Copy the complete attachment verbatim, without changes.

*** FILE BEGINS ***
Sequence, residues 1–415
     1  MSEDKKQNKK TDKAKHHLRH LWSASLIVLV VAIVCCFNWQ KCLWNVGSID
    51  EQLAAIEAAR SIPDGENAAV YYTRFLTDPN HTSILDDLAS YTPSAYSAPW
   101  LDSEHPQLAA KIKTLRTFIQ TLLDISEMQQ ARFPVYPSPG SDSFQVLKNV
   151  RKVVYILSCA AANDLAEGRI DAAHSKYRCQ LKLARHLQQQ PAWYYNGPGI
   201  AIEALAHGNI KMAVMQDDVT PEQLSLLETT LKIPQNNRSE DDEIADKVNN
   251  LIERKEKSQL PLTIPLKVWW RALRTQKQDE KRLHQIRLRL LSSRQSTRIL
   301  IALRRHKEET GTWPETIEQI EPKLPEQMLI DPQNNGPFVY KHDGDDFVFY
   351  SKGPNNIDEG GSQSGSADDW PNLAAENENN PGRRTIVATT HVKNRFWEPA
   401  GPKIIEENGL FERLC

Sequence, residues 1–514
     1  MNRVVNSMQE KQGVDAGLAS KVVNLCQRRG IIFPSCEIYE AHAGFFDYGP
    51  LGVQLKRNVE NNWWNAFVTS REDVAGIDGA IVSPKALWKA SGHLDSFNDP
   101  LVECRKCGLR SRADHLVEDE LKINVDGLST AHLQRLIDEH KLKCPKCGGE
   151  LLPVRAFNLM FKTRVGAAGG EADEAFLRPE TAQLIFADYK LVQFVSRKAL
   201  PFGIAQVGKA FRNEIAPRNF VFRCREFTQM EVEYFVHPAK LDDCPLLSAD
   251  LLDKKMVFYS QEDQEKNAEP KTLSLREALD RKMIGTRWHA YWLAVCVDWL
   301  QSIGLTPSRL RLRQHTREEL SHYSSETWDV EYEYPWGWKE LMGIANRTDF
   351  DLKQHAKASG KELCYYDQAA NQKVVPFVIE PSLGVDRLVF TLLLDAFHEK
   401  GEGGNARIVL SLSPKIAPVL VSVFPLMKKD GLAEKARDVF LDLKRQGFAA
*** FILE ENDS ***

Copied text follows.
Sequence, residues 1–415
     1  MSEDKKQNKK TDKAKHHLRH LWSASLIVLV VAIVCCFNWQ KCLWNVGSID
    51  EQLAAIEAAR SIPDGENAAV YYTRFLTDPN HTSILDDLAS YTPSAYSAPW
   101  LDSEHPQLAA KIKTLRTFIQ TLLDISEMQQ ARFPVYPSPG SDSFQVLKNV
   151  RKVVYILSCA AANDLAEGRI DAAHSKYRCQ LKLARHLQQQ PAWYYNGPGI
   201  AIEALAHGNI KMAVMQDDVT PEQLSLLETT LKIPQNNRSE DDEIADKVNN
   251  LIERKEKSQL PLTIPLKVWW RALRTQKQDE KRLHQIRLRL LSSRQSTRIL
   301  IALRRHKEET GTWPETIEQI EPKLPEQMLI DPQNNGPFVY KHDGDDFVFY
   351  SKGPNNIDEG GSQSGSADDW PNLAAENENN PGRRTIVATT HVKNRFWEPA
   401  GPKIIEENGL FERLC

Sequence, residues 1–514
     1  MNRVVNSMQE KQGVDAGLAS KVVNLCQRRG IIFPSCEIYE AHAGFFDYGP
    51  LGVQLKRNVE NNWWNAFVTS REDVAGIDGA IVSPKALWKA SGHLDSFNDP
   101  LVECRKCGLR SRADHLVEDE LKINVDGLST AHLQRLIDEH KLKCPKCGGE
   151  LLPVRAFNLM FKTRVGAAGG EADEAFLRPE TAQLIFADYK LVQFVSRKAL
   201  PFGIAQVGKA FRNEIAPRNF VFRCREFTQM EVEYFVHPAK LDDCPLLSAD
   251  LLDKKMVFYS QEDQEKNAEP KTLSLREALD RKMIGTRWHA YWLAVCVDWL
   301  QSIGLTPSRL RLRQHTREEL SHYSSETWDV EYEYPWGWKE LMGIANRTDF
   351  DLKQHAKASG KELCYYDQAA NQKVVPFVIE PSLGVDRLVF TLLLDAFHEK
   401  GEGGNARIVL SLSPKIAPVL VSVFPLMKKD GLAEKARDVF LDLKRQGFAA